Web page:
CHICAGO, Dec 3 (Reuters) - Illinois legislators will gather at the state capitol on Tuesday to decide whether the nation’s worst-funded state pension system is finally ready for reform.
Following years of discussion and study, previous reform measures that provided limited improvements or failed to pass, and numerous downgrades of the state’s credit ratings, the answer lies with the Democrat-controlled legislature. At a special, one-day session on Tuesday, lawmakers will take up a bill that raises retirement ages, reduces and suspends cost-of-living increases for pensions, and limits the salaries on which pensions are based.
Democratic and Republican leaders of the House and Senate last Wednesday announced a deal on a plan aimed at saving Illinois an estimated $160 billion over 30 years. The plan came after a failed effort in the legislature’s spring session, a summer of wrangling by a special legislative committee, and weeks of closed-door talks among the leaders.
The compromise plan has been attacked by public labor unions, which claim any imposed cuts to pensions would violate the state constitution. It has received criticism from a prominent conservative Illinois think tank. It also has drawn mixed reviews from Republicans who are seeking to unseat Governor Pat Quinn, a Democrat, in the state’s 2014 gubernatorial election.
Illinois has a nearly $100 billion unfunded pension liability. It also has the lowest credit ratings among states.
The fact that the leaders called members back for Tuesday’s session should be a positive sign for the bill’s prospects, according to Christopher Mooney, director of the Illinois Institute of Government & Public Affairs at the University of Illinois.
“It looks like the skids are greased and it’s going to happen, but it’s still a tough vote,” Mooney said. A failed vote would be a “huge embarrassment” for the leaders, particularly for Democratic House Speaker Michael Madigan and Senate President John Cullerton, he added.
The vote comes after Monday’s filing deadline for candidates in the March primary election for House and Senate seats, and Mooney said the timing will give some lawmakers political cover.
Tyrone Fahner, president of the Civic Committee of The Commercial Club of Chicago, a business group that has pushed for pension reform for years, called the bill “an excellent plan” and predicted it would pass.
While the measure has strong support from business groups, labor unions have been mobilizing teachers, state police, and other unionized public-sector workers to derail the bill. The labor coalition “We Are One Illinois” asked its members to flood lawmakers with calls.
The new measure offers some sweeteners for workers and retirees. Employees would contribute 1 percent less of their salaries toward pensions, while contributions from the state, which has skipped or skimped on its pension payments over the years, would be enforced by the Illinois Supreme Court. A limited number of workers would also have the option to choose a 401k-like investment vehicle for retirement.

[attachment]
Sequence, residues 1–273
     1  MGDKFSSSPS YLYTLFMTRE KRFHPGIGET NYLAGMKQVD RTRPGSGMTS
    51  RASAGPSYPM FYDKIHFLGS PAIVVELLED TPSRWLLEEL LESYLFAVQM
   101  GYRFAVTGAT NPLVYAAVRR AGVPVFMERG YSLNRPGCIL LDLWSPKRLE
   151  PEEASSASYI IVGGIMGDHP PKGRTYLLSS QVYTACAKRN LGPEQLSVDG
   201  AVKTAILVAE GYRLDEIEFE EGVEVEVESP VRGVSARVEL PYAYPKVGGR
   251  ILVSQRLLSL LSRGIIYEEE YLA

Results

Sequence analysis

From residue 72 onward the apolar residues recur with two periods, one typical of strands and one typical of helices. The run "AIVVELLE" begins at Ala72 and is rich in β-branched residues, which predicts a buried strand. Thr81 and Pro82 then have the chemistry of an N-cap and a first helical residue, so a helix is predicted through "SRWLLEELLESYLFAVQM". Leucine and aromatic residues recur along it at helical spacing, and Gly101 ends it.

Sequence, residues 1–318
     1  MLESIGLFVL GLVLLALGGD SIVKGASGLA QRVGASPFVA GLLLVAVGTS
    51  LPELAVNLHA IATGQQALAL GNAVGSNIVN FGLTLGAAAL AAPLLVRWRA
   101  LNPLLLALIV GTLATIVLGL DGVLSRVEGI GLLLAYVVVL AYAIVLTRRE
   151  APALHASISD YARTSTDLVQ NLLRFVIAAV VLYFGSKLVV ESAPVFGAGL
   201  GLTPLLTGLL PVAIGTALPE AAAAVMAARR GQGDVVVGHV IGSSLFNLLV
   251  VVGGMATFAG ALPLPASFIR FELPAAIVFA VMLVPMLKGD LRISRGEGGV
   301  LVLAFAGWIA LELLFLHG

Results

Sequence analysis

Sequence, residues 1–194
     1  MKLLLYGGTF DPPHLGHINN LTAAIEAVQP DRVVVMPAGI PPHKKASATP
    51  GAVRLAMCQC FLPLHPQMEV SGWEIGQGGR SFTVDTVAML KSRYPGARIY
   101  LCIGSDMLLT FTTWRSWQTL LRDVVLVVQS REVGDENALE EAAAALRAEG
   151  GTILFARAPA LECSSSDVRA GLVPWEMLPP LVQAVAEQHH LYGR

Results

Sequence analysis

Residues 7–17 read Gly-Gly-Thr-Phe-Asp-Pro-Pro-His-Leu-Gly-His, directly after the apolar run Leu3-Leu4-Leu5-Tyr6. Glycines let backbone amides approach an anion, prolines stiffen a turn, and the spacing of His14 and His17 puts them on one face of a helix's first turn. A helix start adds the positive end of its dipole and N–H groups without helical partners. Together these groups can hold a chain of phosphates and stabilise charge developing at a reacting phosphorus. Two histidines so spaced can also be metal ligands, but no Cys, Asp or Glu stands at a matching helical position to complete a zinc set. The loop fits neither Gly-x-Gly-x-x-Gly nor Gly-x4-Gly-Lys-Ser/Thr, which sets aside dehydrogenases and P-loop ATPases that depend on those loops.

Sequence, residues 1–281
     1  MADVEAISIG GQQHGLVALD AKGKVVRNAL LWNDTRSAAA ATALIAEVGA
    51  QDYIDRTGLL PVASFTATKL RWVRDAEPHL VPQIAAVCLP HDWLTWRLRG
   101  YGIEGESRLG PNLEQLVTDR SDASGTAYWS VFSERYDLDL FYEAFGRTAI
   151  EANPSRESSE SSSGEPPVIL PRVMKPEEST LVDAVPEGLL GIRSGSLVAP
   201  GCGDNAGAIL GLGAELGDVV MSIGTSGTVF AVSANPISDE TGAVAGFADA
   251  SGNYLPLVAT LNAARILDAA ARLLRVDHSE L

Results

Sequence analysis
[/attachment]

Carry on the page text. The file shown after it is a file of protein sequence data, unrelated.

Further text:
The legislature ended its spring session on May 31 at an impasse over whether to impose pension changes on workers and retirees or give them a choice between benefit cuts and access to state-sponsored health care in retirement.
Unions have threatened to use strong protections for public worker retirement benefits in the Illinois Constitution to fight imposed pension changes.
In a preamble section, the bill lays out an argument seemingly designed to thwart a potential constitutional challenge. The state’s finances are so squeezed by pension payments, the section argues, that Illinois has been forced to cut funding for core state services such as health care and education. The preamble also alludes to Illinois’ structural budget deficit, fueled by billions of dollars in unpaid bills spilling from one fiscal year to another.
Continued inaction on pension reform has hurt ratings on Illinois debt, with credit agencies warning of further downgrades, and investors in the U.S. municipal bond market are demanding higher yields to hold the state’s bonds.
“Having considered other alternatives that would not involve changes to the retirement systems, the General Assembly has determined that the fiscal problems facing the state and its retirement systems cannot be solved without making some changes to the structure of the retirement systems,” the preamble states.
State Senator Daniel Biss, a Democrat, said the bill seeks to treat retirees fairly. “There really is the sense that there is some fairness to this bill,” he said. “And the bill does achieve its savings by making changes for those who we believe are truly in the best position to make adjustments.”
On Tuesday morning, the measure will first go before a special bipartisan panel on pension reform created in June.
As a vote on pension reform looms, Illinois is readying the sale of $350 million of taxable general obligation bonds for next week.
Illinois is already paying the second-biggest credit penalty, behind Puerto Rico, among large municipal debt issuers tracked by Municipal Market Data, a unit of Thomson Reuters. The state’s so-called credit spread stood at 173 basis points over MMD’s benchmark triple-A yield scale in the latest week. By contrast, California’s credit spread is only 51 basis points, while New York City’s is 49 basis points.